Tag: California

Join Jim and Greg as they serve up three martinis, including one bad one they think could end up being good. They discuss unions planning walkouts from teachers, truckers, government employees and others to demand things like Medicare for all, free rent, and defunding the police – but see tremendous potential for this tactic to backfire spectacularly. They also unload on Kamala Harris for reversing her position on fracking and noting her blatant pandering to Pennsylvania voters in the process. And they vent in reaction to a California wildfire starting from a pyrotechnic explosion at a gender-reveal party.

The California Homeless Urban Brushfire Fire Season Begins

 

Vacant lot on residential street near Downtown Los Angeles set ablaze after homeless encampment catches fire on the night of August 19, 2020.

As the only member of my family living in California – specifically, Los Angeles – I have to deal with the common misconceptions of the state: No, one does not go up to celebrities and start talking to them, even just to say how much one likes their work. No, locals generally don’t go to Hollywood; it’s an overpriced, touristy hellscape of traffic with no parking. And no, even if one does go to the beach (many don’t – that hellscape of traffic with no parking thing again), people only swim on the hottest days because the ocean here is icy cold.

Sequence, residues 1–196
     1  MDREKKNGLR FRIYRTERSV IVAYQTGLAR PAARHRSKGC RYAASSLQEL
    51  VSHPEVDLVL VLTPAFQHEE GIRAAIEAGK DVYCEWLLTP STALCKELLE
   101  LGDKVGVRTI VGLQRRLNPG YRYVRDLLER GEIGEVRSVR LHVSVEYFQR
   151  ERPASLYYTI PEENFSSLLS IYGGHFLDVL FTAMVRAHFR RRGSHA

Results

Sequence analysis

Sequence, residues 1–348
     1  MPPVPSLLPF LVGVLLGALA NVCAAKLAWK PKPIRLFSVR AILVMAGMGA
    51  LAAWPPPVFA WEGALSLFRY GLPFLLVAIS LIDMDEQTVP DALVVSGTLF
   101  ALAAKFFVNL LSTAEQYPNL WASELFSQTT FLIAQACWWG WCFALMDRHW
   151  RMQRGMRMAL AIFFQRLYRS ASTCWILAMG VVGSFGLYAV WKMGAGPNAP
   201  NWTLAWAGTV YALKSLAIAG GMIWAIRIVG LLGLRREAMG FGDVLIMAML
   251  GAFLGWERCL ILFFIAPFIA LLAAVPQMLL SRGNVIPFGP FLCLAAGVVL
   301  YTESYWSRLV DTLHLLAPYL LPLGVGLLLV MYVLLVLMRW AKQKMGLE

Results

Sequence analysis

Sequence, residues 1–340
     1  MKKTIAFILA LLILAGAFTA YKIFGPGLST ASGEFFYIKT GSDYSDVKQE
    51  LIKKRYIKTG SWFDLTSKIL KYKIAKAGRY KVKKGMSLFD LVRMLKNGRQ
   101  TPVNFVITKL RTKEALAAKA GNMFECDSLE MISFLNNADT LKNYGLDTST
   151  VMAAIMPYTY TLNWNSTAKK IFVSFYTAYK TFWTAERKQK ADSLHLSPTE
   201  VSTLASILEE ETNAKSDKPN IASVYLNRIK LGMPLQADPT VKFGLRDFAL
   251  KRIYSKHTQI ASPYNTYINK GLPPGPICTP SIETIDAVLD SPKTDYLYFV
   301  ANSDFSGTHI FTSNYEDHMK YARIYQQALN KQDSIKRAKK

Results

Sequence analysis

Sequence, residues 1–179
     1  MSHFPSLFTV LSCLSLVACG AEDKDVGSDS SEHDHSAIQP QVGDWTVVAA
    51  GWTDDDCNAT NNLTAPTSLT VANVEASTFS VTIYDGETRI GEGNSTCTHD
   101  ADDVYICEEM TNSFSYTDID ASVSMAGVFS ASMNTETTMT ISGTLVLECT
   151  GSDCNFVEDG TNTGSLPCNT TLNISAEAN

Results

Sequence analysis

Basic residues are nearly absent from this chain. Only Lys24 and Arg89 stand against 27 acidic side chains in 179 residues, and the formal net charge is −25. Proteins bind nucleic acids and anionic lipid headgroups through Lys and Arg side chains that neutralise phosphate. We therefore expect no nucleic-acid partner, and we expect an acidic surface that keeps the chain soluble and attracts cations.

Congress Can’t Afford to Bail Out High-Spending States

 

Gov. Andrew Cuomo (NY-D) speaks to union group. (Lev Radin / Shutterstock.com)

Congressional Democrats are doubling down on their demand that, in response to the coronavirus pandemic, the federal government must bail out free-spending states. There are several terrible ideas out there just now (destroying minority-owned businesses in the service of racial equality comes to mind), but this is one of the worst.

The crisis in problem states is fueled mainly by unfunded pension liabilities. Public employee unions and the politicians they elect have for decades promised lavish pensions to union members, far exceeding those paid to wealth-creating private-sector employees. But adequate funding was never provided and the over-optimistic financial market returns didn’t materialize. The result is a growing total of $4.9 trillion in contractually enforceable liabilities to state retirees. There is no way the states can make these payments.

Urban Un-Renewal: After Coronavirus and Black Lives Matter, Has the Bubble Burst in Downtown L.A.?

 

The Frank Putnam Flint monument on the south lawn of Los Angeles City Hall, facing the Los Angeles Police Department Headquarters, covered in anti-police graffiti. – 6/21/20

Despite decades of flagrant political and fiscal mismanagement, the cities along California’s coast have flourished. Even with the looming threat of unpaid liabilities to civil servants’ unions, an unrelenting drought, and a wave of homelessness that has swept down upon San Francisco and Los Angeles like the zombie apocalypse, nothing seemed to stop the push to develop more and more. The jeremiads against gentrification have grown louder and more desperate every year as, in L.A., more formerly poor and minority-dominated neighborhoods saw craft beer shops and vegan bakeries open among the 99¢ stores and check-cashing outlets. Nowhere was more symbolic of the success that Downtown L.A. itself: At the start of the millennium, the city’s historic and financial core was a ghost town after 6 P.M. and on weekends, its streets becoming eerie canyon of shuttered storefronts devoid even of the homeless.